Marathon training, Running Goals, Running motivation, running tips, Uncategorized

Picking the right running coach

Follow up from my previous two blog articles; Why YOU could benefit from a running coach! and Which type of Running Coach is best for YOU. Today, I am going to go into details about how to choose the coach that works for you.

Choosing to work with a coach is an excellent way to add motivation, structure and accountability to your training plan. It also takes some of the burden off the runner to create and execute a training plan when we often struggle with being objective about our own training.

Working with a running coach can boost some athletes progress greatly, but coaches some can also do more harm than good.  There are bad coaches who have had runners that have been successful in spite of their coaches and there have been athletes with world class athletes who haven’t fared so well.   A single success or failure does not define a coach. Each individual athlete and coach brings something unique to the table.  When deciding to work with a coach, do your due diligence and you will get the most out of the time and money spent.

 

  1. VDot certified!
    RunCanvas is proudly VDOT certified

    Certification-  A running certification is not required, in any way to be a running coach.  It does, however, show the coach took the time to complete a curriculum and passed a test on the basic principals of the sport.

  2. Adaptable/Flexible– Murphy and his darn law!  Life is going to happen and a coach that can help not only survive during those times, but also thrive, is a great tool.  I have worked with coaches who demanded certain workouts be on certain days and at certain times in the day.  While there might be some sort of scientific reasoning behind that demand, its unreasonable for the majority of athletes.  It doesn’t matter the depth of knowledge the coach brings if what they are asking for is unattainable in the long run.  Remember, endurance isn’t built over night. You are committing at least a few months to this coach if you are going to see this training schedule through.
  3. Approachable, yet can kick you in the rear when you need it-  Coaching is an art and finding that balance between being approachable and accommodating and nudging your athletes when they need it is a huge role, for a coach. Especially, because the balance is based on each individuals needs.  The big picture is that coaching is not a one way street of communication.  The best coaching happens through two way open communication building a bond between the athlete and coach.  This allows the coach to truly create a plan that fits the need of the runner and adjust in a way that accommodates the runners physical and mental needs throughout the cycle.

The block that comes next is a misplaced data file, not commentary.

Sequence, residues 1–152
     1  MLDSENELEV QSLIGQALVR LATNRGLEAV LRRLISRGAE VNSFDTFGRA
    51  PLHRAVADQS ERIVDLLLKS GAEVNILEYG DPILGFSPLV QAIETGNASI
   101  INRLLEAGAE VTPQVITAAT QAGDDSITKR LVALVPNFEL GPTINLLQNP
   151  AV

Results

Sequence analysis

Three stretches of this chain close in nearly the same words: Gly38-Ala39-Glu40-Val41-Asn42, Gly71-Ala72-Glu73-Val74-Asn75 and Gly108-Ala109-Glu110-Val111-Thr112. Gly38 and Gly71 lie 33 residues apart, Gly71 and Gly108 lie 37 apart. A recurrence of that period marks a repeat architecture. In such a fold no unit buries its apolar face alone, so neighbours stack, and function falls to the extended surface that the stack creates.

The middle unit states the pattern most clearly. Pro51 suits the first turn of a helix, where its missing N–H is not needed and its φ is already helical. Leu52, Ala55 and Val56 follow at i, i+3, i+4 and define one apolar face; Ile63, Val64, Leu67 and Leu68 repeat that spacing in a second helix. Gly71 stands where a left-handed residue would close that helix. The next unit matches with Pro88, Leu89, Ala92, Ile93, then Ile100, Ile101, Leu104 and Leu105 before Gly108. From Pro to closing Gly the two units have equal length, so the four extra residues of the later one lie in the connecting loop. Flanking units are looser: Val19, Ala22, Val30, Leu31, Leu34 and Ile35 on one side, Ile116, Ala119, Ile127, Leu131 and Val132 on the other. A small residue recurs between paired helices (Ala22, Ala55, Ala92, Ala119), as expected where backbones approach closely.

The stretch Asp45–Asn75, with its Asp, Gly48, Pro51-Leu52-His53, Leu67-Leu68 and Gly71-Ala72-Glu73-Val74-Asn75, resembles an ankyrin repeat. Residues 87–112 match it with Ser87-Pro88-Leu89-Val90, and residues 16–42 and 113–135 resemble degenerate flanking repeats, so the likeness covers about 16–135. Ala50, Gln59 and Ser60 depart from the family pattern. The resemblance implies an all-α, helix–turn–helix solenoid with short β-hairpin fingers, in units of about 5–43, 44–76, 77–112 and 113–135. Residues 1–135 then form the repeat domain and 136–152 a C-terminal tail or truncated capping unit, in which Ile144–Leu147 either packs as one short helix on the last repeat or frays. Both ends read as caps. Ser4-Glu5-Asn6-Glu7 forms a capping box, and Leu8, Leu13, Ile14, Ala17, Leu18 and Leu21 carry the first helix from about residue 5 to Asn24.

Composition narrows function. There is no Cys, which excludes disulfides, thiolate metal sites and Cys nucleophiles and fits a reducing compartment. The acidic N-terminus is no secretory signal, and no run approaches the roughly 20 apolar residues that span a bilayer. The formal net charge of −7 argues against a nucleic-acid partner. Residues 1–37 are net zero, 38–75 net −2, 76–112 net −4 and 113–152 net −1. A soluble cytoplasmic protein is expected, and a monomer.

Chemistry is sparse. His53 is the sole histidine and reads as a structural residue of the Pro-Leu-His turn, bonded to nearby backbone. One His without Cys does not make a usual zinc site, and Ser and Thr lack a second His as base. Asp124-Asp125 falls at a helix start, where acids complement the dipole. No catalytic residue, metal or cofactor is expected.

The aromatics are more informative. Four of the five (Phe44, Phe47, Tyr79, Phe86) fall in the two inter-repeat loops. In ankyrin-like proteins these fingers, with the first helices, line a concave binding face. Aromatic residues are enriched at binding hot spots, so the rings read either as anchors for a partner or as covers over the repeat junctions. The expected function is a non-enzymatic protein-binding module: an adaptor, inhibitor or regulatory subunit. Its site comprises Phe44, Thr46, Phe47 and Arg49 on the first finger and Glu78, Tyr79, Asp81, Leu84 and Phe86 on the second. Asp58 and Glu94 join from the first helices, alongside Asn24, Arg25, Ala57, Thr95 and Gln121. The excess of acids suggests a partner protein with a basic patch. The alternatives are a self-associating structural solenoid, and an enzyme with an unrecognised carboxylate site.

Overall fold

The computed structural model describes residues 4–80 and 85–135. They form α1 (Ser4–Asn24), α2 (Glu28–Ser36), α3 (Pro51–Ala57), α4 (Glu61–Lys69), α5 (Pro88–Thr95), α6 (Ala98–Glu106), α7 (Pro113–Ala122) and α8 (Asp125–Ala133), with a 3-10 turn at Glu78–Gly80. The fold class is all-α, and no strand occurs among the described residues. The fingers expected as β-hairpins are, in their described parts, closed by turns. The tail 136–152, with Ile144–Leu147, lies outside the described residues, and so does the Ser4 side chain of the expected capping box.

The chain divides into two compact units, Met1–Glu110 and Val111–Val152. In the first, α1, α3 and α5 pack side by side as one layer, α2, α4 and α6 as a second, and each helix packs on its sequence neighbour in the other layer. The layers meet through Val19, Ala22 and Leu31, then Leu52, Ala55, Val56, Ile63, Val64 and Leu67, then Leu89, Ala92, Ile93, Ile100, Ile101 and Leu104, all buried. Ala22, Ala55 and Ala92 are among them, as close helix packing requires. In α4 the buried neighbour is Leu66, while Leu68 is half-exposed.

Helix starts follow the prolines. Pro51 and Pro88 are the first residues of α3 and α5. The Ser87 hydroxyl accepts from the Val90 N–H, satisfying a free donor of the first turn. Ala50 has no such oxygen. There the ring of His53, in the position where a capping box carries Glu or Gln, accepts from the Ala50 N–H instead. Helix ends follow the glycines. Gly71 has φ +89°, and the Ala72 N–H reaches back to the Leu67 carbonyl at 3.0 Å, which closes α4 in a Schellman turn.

4. Budget-  While a one-on-one coach would be an amazing way to reach your new goals.  For your daily runner, it may not practical,  Fitting both your time and financial limitations. Being upfront about your budget will help save you and your prospective coach time.
  5. Testimonials-  Finding a coach with a background of happy clients and success is a clue that the coach is on the right path.
  6. Experience- Experience as a coach,  experience as a runner and experience being coached all go into influencing the coach and how the work with their clients.  Discussing this background can often times give you great insight into the type of coach you could be working with.
  7. Interview-  I encourage you to interview your coach before agreeing to work with them. It doesn’t have to be a formal sit down interview either.  Feeling them out through message or a phone call can be just as informative.  Here are some questions to ask
    • Coaching philosophy and training approaches
    • How does the coach assess progress throughout the cycle
    • How does the coach handle illness and injuries
    • What are the coaches thoughts/and approach to lead up races.
    • Does the coach include or add on strength training, nutrition, race day advice or other similar items
    • How much communication and what type of communication is involved
    • What expectations does the coach have of their runners
    • How will you receive your workouts
    • Any other special circumstances or needs you feel are important when looking for a coach.

Taking time upfront to find the right coach will make working with a coach that much more rewarding.  You will be spending your time and money on this person, so feeling confident you have chosen the right fit for you is an important step in your journey.

Have you worked with a running coach before?  What is the most important factor for you when deciding who you will work with.

Need a coach to help you reach your running goals?

 

VDot certified! I am a VDot Certified coach with over  10 years of coaching experience! I have worked with young beginners in the middle school level, high school athletes, and adults runners of all abilities.   Check out my coaching page for more information  or you can find me on the VDOT Marketplace.  2019 coaching packages are currently being updated!

1 thought on “Picking the right running coach”

Leave a Reply

Fill in your details below or click an icon to log in:

WordPress.com Logo

You are commenting using your WordPress.com account. Log Out /  Change )

Google+ photo

You are commenting using your Google+ account. Log Out /  Change )

Twitter picture

You are commenting using your Twitter account. Log Out /  Change )

Facebook photo

You are commenting using your Facebook account. Log Out /  Change )

Connecting to %s